Terming the consequences of eve-teasing as "disastrous," the Supreme Court today issued a slew of guidelines to curb the menace and asked government to depute women cops in plain clothes at public places.
"All the state governments and Union territories are directed to depute plain-clothes female police officers in the precincts of bus stands, railway stations, metro stations, cinema theatres, shopping malls, parks, beaches, public service vehicles, places of worship etc. so as to monitor and supervise incidents of eve-teasing," a bench of justices K S Radhakrishnan and Dipak Misra said.
The court said the guidelines were necessary as there is "no uniform law" to deal with the menace.
"We notice that there is no uniform law in this country to curb eve-teasing effectively in or within the precincts of educational institutions, places of worship, bus stands, metro-stations, railway stations, cinema theatres, parks, beaches, places of festival, public service vehicles or any other similar place," the bench said.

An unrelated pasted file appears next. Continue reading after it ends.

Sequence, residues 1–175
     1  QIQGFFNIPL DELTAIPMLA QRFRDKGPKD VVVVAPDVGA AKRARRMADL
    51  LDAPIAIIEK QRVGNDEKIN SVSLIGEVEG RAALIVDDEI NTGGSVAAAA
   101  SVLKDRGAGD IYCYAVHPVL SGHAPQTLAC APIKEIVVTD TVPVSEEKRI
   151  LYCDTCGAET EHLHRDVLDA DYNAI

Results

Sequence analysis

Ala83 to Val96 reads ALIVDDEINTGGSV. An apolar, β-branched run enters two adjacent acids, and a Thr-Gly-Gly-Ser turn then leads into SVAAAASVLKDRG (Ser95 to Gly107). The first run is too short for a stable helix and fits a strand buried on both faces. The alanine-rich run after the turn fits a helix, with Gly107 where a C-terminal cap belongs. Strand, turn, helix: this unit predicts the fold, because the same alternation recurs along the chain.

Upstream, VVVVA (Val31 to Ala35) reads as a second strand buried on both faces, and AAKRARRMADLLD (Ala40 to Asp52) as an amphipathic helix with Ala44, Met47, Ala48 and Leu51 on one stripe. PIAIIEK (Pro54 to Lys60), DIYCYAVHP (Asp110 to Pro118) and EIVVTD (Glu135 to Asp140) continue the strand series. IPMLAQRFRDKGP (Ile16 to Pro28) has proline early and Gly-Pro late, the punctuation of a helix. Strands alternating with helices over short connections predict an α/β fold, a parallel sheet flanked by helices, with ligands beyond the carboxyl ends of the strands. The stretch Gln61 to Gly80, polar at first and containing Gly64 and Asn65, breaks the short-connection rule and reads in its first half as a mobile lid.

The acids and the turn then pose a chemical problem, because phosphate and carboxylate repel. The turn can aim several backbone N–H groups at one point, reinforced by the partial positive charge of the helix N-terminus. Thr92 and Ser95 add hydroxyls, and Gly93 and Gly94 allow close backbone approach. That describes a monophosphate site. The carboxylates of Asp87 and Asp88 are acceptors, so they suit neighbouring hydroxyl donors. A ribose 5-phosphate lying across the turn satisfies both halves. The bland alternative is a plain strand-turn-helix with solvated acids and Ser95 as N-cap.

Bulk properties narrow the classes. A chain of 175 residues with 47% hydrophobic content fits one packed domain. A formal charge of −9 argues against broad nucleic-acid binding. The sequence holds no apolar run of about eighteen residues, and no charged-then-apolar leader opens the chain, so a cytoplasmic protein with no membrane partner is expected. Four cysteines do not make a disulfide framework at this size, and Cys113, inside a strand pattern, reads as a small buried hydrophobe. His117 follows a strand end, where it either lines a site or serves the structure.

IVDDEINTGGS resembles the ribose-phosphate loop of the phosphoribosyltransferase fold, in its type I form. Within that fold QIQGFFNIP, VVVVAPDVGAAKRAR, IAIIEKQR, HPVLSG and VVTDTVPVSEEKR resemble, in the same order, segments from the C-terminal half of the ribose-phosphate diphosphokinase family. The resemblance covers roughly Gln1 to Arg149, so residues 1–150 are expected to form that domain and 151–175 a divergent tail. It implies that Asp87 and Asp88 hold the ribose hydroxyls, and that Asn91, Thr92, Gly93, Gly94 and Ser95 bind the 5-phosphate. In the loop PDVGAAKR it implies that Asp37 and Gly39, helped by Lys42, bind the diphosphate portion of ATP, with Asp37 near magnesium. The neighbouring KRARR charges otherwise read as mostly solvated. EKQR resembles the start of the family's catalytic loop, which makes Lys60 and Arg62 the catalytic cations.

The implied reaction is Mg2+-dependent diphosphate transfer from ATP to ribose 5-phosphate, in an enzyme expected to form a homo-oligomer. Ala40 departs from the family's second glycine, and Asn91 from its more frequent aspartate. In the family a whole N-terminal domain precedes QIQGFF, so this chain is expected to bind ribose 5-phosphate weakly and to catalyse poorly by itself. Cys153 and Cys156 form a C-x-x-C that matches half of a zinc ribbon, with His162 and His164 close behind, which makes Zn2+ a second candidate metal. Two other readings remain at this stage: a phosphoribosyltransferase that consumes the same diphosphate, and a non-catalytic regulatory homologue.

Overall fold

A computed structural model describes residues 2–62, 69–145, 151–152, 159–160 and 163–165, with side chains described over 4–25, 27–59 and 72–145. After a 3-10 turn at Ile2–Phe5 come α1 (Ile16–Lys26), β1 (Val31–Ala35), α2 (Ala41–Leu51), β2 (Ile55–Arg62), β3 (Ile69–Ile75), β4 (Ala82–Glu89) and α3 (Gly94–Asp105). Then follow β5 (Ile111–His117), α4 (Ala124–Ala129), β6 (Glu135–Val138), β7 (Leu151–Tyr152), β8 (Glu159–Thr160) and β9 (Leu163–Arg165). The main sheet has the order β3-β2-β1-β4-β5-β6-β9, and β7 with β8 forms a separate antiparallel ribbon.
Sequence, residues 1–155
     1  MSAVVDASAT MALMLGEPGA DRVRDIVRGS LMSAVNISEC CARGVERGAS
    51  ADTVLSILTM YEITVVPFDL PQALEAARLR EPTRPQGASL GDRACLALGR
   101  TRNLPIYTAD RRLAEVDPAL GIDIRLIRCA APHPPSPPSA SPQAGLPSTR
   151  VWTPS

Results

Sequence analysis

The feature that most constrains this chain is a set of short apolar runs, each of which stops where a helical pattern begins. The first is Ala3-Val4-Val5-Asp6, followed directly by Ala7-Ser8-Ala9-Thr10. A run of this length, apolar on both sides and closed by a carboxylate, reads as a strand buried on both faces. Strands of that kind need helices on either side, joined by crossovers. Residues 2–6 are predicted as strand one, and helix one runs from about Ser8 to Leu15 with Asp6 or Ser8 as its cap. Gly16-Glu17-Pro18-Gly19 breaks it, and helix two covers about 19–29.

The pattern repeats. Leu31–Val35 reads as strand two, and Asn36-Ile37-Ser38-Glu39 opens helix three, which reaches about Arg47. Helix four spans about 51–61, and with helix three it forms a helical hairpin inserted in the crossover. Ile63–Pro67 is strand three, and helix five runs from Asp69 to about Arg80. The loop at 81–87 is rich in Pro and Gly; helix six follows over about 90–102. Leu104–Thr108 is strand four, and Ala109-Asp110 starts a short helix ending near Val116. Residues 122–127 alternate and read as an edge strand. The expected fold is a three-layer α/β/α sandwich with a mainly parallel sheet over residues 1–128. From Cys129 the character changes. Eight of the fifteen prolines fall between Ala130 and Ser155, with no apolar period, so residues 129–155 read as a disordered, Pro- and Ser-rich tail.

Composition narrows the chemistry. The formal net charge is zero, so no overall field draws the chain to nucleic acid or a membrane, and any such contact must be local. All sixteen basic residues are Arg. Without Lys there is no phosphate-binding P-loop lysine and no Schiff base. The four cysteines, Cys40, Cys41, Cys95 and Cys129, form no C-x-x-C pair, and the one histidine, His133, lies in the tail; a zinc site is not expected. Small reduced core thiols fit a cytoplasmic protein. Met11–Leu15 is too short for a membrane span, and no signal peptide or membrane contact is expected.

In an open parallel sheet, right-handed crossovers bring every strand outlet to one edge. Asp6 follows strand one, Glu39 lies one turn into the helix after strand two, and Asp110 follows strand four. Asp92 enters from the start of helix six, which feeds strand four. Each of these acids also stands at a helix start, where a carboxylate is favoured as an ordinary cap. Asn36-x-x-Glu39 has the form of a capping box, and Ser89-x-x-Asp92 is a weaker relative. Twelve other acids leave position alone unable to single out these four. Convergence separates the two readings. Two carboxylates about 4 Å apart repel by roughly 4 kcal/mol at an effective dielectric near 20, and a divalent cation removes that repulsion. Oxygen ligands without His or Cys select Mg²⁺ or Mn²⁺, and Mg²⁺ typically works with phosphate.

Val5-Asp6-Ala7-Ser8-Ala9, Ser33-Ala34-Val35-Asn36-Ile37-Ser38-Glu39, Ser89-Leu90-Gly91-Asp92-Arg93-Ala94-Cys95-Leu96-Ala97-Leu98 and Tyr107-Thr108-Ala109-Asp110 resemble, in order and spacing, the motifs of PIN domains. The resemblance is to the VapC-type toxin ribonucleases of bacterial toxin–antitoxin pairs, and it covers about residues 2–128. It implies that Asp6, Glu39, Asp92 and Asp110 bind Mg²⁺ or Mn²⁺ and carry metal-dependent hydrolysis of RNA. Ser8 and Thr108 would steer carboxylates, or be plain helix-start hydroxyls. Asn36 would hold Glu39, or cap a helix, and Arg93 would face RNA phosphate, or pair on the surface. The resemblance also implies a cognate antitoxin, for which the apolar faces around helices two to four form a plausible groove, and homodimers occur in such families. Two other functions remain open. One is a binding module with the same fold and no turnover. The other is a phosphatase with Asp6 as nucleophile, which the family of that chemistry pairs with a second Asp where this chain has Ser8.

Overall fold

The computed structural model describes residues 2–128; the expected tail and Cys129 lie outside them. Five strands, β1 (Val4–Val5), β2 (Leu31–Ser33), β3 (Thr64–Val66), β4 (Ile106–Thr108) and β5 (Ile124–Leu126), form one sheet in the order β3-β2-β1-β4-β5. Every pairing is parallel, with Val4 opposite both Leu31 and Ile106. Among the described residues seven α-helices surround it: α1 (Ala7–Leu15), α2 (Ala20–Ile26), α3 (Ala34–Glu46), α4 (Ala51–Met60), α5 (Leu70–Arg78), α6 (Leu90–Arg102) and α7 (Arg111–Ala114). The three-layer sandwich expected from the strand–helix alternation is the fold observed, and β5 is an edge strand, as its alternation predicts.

The court, in its 26-page judgement, said the menace of eve teasing can be effectively curbed with a little effort and if unchecked, its consequences could be "disastrous" as like sexual harassment, eve-teasing amounts to violation of fundamental rights guaranteed under the Constitution.
"Consequences of not curbing such a menace, needless to say, are at times disastrous. There are many instances where girls of young age are being harassed, which sometimes may lead to serious psychological problems and even committing suicide.
"Every citizen in this country has the right to live with dignity and honour which is a fundamental right guaranteed under Article 21 of the Constitution of India. Sexual harassment like eve teasing amounts to violation of rights guaranteed under Articles 14, 15 as well," it said.
The apex court laid down the guidelines in the judgement by which it set aside a verdict of the Madras High Court.
The high court had set aside the judgement of a Central Administrative Tribunal upholding the dismissal of policeman S Samuthiram who had misbehaved with a married woman at about 11.00 PM on July 9, 1999 at Tenkasi bus stand in Tiruneveli in a drunken state.
The court said, "The necessity of a proper legislation to curb eve-teasing is of extreme importance, even the Tamil Nadu Legislation (on the menace) has no teeth."
"The experiences of women and girl children in over-crowded buses, metros, trains etc. are horrendous and a painful ordeal. Before undertaking suitable legislation to curb eve-teasing, it is